Tax Letters: Current Developments – August 2013 – Budget 2013 – New Form T1135

Date: August 2013

BUDGET 2013 – NEW FORM T1135

On June 25, 2013, the Canada Revenue Agency (CRA) released its new Foreign Income Verification Statement Form T1135.

For taxation years ending after June 30, 2013, Canadians who hold foreign property with a total cost greater than $100,000 will be required to provide additional information to the CRA. The criteria for those who must file has not changed; however, unlike the previous form which required only dollar thresholds for different categories of foreign assets, the new form has been revised to include more detailed information for each specified foreign property.

Increased reporting requirements include:

  • Name of the specific foreign institution or other entity holding funds outside Canada;
  • Specific country to which the foreign property relates;
  • Income generated from the foreign property.

Tax preparers will be required to include much more information in the revised T1135 than existed previously.

T3/T5 Exemption

Relief is provided where the reporting taxpayer has received a T3 or T5 slip from a Canadian issuer in respect of a specified foreign property for a taxation year. This property is excluded from the T1135 detailed reporting requirement. The taxpayer will still be required to file the new T1135 form and indicate the exclusion applies.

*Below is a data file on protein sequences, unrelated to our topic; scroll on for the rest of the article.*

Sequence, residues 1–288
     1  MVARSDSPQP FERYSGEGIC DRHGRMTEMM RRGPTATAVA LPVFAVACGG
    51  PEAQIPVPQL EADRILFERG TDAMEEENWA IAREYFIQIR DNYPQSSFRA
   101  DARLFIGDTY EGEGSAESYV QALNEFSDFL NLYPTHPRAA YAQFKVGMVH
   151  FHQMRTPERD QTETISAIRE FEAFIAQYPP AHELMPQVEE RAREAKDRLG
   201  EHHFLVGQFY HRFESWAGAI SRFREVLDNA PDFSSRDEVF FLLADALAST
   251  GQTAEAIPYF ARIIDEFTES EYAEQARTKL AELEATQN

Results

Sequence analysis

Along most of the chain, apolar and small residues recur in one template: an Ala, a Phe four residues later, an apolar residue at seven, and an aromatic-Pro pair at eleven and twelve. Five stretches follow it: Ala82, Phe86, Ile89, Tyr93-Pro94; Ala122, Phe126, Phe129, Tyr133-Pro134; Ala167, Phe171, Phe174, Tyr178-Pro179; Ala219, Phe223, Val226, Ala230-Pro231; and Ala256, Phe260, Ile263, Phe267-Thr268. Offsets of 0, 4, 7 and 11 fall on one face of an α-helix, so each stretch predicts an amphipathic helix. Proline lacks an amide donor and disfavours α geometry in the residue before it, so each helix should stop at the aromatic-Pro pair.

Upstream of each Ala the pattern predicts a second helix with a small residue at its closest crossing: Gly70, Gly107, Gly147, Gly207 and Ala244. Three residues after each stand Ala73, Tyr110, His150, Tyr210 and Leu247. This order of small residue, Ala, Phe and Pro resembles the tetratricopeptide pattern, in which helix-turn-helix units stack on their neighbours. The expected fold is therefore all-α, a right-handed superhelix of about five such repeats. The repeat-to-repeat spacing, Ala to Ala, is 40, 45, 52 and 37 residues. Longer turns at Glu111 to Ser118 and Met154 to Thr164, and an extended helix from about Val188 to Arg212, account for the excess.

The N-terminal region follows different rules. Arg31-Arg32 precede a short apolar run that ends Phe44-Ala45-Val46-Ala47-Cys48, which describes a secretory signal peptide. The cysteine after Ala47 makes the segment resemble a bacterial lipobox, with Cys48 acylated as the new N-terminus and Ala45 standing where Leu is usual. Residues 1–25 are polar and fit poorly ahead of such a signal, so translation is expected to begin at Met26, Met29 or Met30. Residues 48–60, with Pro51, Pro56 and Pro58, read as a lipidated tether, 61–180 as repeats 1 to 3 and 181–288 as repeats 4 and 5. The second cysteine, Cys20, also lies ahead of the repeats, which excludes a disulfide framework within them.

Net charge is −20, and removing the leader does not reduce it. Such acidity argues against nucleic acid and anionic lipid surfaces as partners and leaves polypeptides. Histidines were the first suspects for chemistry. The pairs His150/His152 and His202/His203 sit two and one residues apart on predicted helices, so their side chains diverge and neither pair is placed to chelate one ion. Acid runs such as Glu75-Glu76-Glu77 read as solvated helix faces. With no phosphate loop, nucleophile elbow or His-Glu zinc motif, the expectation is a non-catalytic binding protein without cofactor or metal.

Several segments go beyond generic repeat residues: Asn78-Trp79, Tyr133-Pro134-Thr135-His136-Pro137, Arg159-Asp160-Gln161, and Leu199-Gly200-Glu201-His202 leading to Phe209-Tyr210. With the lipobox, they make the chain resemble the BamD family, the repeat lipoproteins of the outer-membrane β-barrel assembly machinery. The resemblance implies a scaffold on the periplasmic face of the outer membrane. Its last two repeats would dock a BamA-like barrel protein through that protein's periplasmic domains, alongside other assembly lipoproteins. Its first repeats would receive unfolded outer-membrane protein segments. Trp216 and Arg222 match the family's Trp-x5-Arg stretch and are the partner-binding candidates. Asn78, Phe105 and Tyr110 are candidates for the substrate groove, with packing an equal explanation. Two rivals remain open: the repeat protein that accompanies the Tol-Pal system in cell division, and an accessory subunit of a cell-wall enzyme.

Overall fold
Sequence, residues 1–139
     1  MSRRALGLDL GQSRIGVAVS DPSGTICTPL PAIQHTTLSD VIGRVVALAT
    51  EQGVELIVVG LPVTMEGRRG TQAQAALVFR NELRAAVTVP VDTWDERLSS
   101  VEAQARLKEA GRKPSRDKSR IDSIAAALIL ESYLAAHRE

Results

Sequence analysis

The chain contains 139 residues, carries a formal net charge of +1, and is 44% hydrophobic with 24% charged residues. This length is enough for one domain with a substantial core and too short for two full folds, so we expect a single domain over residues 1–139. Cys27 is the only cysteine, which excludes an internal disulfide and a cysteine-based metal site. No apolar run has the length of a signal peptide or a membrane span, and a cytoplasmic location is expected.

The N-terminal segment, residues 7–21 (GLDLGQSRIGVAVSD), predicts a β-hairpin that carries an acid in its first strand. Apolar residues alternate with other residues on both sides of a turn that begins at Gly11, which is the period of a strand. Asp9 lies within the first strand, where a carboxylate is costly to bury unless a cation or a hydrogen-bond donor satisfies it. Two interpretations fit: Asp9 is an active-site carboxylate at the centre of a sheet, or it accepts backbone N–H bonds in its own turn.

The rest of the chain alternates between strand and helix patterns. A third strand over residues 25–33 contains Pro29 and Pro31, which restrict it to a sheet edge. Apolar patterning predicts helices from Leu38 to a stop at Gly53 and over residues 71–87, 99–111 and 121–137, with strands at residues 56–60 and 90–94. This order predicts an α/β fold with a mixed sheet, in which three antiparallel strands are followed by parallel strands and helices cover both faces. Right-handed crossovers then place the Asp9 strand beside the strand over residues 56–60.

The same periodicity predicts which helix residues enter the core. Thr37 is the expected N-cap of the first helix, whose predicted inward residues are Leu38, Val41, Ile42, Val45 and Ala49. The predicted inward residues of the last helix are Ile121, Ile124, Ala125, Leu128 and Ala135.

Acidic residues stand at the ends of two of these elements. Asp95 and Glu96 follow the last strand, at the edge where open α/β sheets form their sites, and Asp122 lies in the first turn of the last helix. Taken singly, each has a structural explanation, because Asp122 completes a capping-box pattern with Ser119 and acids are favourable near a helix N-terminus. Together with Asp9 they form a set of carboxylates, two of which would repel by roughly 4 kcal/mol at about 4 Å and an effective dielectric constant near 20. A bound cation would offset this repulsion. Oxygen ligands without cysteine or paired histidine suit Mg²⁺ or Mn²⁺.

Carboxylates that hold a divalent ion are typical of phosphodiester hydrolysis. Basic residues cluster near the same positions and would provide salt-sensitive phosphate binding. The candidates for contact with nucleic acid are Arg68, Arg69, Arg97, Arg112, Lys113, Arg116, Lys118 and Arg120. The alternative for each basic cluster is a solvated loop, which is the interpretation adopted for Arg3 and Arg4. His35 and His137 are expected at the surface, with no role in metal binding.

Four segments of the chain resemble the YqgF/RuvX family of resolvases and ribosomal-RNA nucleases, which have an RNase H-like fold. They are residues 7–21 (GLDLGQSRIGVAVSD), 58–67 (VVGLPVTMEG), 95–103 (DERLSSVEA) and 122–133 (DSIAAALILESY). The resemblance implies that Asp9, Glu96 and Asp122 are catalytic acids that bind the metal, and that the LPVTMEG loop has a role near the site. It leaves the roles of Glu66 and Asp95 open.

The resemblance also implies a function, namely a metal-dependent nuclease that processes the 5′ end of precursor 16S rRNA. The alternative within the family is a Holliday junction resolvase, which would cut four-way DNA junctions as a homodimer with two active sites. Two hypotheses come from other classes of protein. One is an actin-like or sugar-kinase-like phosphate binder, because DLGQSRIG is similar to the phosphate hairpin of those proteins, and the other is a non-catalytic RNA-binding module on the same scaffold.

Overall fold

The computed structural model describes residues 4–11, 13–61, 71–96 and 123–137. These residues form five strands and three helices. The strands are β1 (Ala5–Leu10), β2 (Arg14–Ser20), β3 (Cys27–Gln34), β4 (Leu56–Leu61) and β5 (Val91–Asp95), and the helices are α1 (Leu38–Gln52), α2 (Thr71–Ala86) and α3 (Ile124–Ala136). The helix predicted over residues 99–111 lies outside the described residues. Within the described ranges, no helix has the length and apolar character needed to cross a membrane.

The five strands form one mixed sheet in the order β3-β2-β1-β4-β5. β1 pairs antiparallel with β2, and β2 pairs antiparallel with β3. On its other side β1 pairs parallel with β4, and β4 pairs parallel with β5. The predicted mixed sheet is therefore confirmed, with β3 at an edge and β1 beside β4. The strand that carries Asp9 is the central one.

The Department of Finance has proposed significant changes to the taxation of Trusts.

The following are some of the measures proposed:

The Government proposes to amend the income tax rules to apply a flat top-rate (presumably the highest marginal tax rate) to grandfathered inter vivos trusts and trusts created by will. The Government proposes that the flat top-rate also apply to estates after a 36-month period following the death of the individual. This proposed measure would thus limit an estate’s access to the graduated rates to the first 3 years after death. These measures would apply to existing and new arrangements for the 2016 and later taxation years.

The proposed measures will not apply to trusts, created for disabled persons or minor children, that benefit from special rules of the Income Tax Act which allow the trusts to suspend or reduce the effects of high flat rate taxation on income.

Testamentary trusts are presently allowed to choose off-calendar year taxation years and fiscal periods. The proposed measures will require trusts created by will and estates, that continue to exist after the 36-month period following the individual’s death, to use a calendar year taxation year and require their fiscal periods to end in the calendar year in which the periods began.

More details about these proposed measures should be available in the near future.